Conservative Group Backs Parent-Rights Amendment
A Virginia-based organization that believes school officials and others sometimes act against the wishes of parents is pushing a "parent rights" amendment to state constitutions nationwide.
The proposed amendment offered by Of The People states that "the right of parents to direct the upbringing and education of their children shall not be infringed." It would also give legislatures the power to enforce the amendment.
The amendment's backers say it is needed to counter condom-distribution programs and curricula in public schools that they believe hinder parents' efforts to raise their children as they see fit.
"When parents try to get involved in their public schools, they find that their rights are not being respected," said Greg D. Erken, the executive director of the Arlington, Va.-based group.
Supporters say the amendment would codify two important U.S. Supreme Court rulings dating from the 1920's that guarantee parents the right to direct their children's upbringing.
The cases are Meyer v. Nebraska, a 1923 decision in which the High Court upheld the right of parents to raise their children free of unreasonable state interference, and Pierce v. Society of Sisters, a 1925 ruling that overturned an Oregon law requiring parents to send their children to public school. The Court said the law "unreasonably interfere[d] with the liberty of parents and guardians to direct the upbringing and education of children under their control."
"The problem as we see it," Mr. Erken said, "is that although these cases have never been overturned, they have become kind of a dead letter among state judges and officials in the executive branches."
"This amendment will revitalize this parental-rights doctrine," he argued.
Of The People's materials contend that the amendment would make public schools more accountable to parents "by giving them greater oversight of academic standards and by helping to insure that values taught at school don't conflict with values taught at home."
In practical terms, that would mean parents would have the right to bar their children from receiving condoms in schools, Mr. Erken said. It could also help guarantee that parents have access to information about student tests, he added, such as the controversial statewide assessments that California scrapped last year.
The amendment would also help derail the recent trend in family law that allows children to gain legal representation separate from their parents, the group's materials say.
"The amendment will help prevent such intrusions into the parent-child relationship," they state.
Unnecessary or Dangerous?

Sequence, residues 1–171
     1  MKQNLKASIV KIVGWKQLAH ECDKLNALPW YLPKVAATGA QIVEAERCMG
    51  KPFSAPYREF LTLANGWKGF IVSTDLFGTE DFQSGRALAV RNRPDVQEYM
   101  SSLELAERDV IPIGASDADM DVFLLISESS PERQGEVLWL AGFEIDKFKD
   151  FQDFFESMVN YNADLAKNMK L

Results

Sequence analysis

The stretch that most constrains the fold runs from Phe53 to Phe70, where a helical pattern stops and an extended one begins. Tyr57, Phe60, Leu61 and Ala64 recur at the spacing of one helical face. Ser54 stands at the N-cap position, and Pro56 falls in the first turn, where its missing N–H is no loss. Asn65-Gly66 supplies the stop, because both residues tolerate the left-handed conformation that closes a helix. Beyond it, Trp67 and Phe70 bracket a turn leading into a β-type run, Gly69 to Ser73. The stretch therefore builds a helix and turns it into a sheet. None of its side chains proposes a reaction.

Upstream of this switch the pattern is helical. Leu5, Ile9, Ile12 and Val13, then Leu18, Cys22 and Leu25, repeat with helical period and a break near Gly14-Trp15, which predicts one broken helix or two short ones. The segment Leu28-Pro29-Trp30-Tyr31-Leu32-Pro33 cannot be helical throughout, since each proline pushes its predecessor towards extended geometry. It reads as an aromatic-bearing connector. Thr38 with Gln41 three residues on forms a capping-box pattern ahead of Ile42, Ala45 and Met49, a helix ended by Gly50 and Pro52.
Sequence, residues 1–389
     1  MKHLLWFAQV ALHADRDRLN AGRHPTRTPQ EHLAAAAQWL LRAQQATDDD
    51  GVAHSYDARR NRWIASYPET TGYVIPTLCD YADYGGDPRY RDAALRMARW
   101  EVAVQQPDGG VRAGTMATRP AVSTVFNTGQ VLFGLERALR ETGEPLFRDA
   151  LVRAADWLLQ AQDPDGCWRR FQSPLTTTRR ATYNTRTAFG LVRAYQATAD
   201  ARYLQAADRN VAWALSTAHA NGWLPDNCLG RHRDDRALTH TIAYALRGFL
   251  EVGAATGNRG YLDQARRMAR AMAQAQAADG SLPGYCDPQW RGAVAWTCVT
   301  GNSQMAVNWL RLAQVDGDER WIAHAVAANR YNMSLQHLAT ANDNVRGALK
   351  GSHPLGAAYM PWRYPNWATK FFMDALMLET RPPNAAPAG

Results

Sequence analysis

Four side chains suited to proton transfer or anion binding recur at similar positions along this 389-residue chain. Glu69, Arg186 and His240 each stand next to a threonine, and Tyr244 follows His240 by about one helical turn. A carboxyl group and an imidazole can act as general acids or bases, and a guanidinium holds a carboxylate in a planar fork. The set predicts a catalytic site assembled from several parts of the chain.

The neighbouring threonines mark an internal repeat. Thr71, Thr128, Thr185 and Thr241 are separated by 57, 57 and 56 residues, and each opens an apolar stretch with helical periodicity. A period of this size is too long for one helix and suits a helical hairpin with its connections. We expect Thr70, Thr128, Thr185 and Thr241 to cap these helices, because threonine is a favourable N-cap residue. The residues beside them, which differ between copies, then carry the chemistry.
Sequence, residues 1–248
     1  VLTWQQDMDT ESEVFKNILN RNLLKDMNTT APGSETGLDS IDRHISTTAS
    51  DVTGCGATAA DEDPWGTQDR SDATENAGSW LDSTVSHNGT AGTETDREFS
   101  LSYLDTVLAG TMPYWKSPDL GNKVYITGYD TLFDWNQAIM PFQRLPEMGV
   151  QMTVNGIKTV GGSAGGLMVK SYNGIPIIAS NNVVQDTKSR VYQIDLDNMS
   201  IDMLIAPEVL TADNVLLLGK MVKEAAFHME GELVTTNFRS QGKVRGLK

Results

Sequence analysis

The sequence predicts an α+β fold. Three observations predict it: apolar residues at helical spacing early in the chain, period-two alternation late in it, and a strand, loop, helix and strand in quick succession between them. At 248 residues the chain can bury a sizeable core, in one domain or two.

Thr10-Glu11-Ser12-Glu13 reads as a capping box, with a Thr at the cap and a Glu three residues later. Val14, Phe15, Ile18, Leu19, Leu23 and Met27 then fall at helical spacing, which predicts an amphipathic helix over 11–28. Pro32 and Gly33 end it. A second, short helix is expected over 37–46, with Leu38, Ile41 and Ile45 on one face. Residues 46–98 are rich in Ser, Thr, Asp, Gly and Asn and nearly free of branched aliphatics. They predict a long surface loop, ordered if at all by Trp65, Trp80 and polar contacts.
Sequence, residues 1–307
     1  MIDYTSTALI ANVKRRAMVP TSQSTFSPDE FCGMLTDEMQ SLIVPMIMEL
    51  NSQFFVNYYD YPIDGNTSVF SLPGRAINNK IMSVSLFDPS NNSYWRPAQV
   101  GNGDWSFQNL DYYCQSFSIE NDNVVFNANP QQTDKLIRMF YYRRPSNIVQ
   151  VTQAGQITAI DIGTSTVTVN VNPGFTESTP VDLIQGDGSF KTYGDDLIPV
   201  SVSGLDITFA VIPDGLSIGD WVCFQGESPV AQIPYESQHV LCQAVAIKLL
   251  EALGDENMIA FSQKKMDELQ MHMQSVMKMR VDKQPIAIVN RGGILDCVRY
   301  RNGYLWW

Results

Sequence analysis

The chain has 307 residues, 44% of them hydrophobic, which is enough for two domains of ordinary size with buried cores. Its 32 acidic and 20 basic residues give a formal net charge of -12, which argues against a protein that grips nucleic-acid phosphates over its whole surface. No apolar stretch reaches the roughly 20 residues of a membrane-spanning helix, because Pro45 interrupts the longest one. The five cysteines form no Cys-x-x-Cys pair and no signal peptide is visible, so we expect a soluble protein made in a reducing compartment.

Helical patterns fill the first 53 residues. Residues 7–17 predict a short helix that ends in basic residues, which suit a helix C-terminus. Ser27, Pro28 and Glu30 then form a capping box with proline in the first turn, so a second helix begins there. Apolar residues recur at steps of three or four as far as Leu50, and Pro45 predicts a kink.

Of The People was founded early last year by Jeffrey Bell, a conservative author and parent who lives in Fairfax County, Va. The group has found sponsors for the proposed constitutional amendment in 24 states, Mr. Erken said, and the measure has been seriously debated or voted out of committee in a half-dozen of those states.
In Washington State last week, the House was considering a floor vote on the measure. In the California Senate, however, the proposal has been sent to three separate committees, virtually dooming its chances there.
Armen Martin, an aide to Sen. Rob Hurtt, who introduced the California amendment, acknowledged that it would not have much effect if adopted.
"But we are trying to make a statement that parents, and not government, should be responsible for raising children," he said.
Some observers believe that the measure is unnecessary and even potentially dangerous.
The amendment could create confusion about the validity of laws such as those barring child abuse or requiring child vaccinations, said Elliot Mincberg, the legal director of People for the American Way, a liberal civil-liberties group in Washington.
"If what they are really saying is that parents' rights can't be infringed, that could have all sorts of consequences," Mr. Mincberg said. "Our view is that the amendment is either unnecessary or it would seriously conflict with the current legal notion of parental rights and responsibilities."
Of The People responds that there are already recognized limits to parent rights. The amendment would not take issue with compulsory school attendance, mandatory vaccination policies, or laws prohibiting child labor or child endangerment, the group says.
"Why is there such an innate distrust of parents," said Mr. Erken, "that when we speak of parental rights, we immediately hear of things that put parents in such a poor light? The vast majority of parents do a very good job raising their children."
Vol. 14, Issue 26